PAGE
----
Lady Pembury was inspired by some of the discussion surrounding the broadcast of “The Unicorn and The Wasp” on TV. Many people compared it with Black Orchid, the last Doctor Who story to be set in the 1920s, and which had been criticised a lot. One critic suggested that the next time The Doctor visited the 1920s he ought to try visiting the working classes of that time, and that’s probably not a bad idea. I might well do that. But in the meantime, this is a story set in an English country house.

I set the story in the 1910s rather than 20s, because I like the Edwardian/Georgian period better. It is the period that Upstairs Downstairs was set when it was one of the most popular programmes on British television – along with Doctor Who! I was able to pinpoint it in time with the coronation of George V. The charabanc ride was extremely avant garde for the time, but perfectly plausible.

The story of the lost souls hidden down in the old monastery crypt actually comes from a computer adventure game called Broken Sword which has a sequence in which the heroes have to break a curse on an old house in Spain. Eventually a secret room is revealed in which there are two very old, dusty skeletons of two children hidden there at the time of the inquisition. They died of hunger and thirst and were forgotten. Gruesome and tragic stuff for a computer game. Rather gruesome for a Doctor Who story, too, but I thought a variation on the theme would be perfect for this story.

Lady Pembury being able to see ghosts, of course, is very much the same as the plot of The Sixth Sense. No ‘rip off’ was intended. It really didn’t even occur to me until I had written half of the story. But then, of course, it was easy enough to acknowledge that by have The Doctor tell Stella that Lady Pembury ‘sees dead people’ and Stella immediately understanding the film reference.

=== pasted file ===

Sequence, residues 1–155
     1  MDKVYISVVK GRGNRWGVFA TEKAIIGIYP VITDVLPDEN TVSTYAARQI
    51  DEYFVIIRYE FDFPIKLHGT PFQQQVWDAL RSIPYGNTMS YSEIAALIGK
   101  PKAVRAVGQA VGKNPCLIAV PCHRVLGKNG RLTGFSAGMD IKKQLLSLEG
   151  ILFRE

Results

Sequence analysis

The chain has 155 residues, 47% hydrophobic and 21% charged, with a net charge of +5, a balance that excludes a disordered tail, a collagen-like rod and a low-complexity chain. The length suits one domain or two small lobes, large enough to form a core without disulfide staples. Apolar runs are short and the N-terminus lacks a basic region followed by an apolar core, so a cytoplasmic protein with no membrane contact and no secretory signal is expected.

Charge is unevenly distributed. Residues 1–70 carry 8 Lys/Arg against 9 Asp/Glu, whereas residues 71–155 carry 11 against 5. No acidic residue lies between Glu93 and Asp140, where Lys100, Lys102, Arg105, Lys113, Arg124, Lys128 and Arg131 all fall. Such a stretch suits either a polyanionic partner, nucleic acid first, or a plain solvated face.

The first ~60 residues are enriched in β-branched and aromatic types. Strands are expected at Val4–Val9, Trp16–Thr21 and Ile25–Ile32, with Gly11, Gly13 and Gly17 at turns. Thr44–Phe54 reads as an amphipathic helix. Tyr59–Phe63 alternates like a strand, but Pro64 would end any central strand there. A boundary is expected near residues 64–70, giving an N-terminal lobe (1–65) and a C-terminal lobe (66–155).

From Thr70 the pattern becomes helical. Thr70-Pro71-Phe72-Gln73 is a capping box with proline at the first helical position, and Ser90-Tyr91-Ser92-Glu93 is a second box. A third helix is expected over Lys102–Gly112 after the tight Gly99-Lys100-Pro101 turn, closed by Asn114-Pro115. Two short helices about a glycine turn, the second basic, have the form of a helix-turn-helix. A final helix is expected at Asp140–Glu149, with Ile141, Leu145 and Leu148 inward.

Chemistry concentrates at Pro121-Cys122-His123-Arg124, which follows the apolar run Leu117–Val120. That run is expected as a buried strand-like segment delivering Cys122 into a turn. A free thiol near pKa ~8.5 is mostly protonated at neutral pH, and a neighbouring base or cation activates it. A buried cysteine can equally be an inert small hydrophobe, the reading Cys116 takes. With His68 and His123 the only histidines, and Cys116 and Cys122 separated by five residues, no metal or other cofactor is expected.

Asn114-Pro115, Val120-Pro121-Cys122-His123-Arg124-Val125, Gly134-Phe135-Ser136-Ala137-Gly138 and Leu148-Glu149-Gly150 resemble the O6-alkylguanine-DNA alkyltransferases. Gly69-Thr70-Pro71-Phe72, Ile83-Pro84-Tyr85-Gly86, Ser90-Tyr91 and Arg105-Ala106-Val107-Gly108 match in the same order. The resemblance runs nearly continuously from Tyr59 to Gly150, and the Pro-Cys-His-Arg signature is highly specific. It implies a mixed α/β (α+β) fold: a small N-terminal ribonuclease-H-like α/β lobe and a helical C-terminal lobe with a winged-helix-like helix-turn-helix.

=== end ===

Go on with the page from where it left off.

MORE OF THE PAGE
The mirrors reflecting each other is something that used to fascinate me when I was young. I used to like to put two mirrors together and create the effect. A Terry Pratchett Discworld novel, Witches Abroad, has a bad witch who uses two mirrors to increase her power and is undone when the mirrors are broken. Good witches were told never to get between two mirrors as they sap your soul. The idea that young Time Lords might be told something similar was too good to pass up. That The Doctor as a youngster would see it as a lesser version of that Untempered Schism he was forced to look into, was my variation on the theme that Pratchett got such good mileage out of as well as pointing to the way into the hidden place where the lost souls were.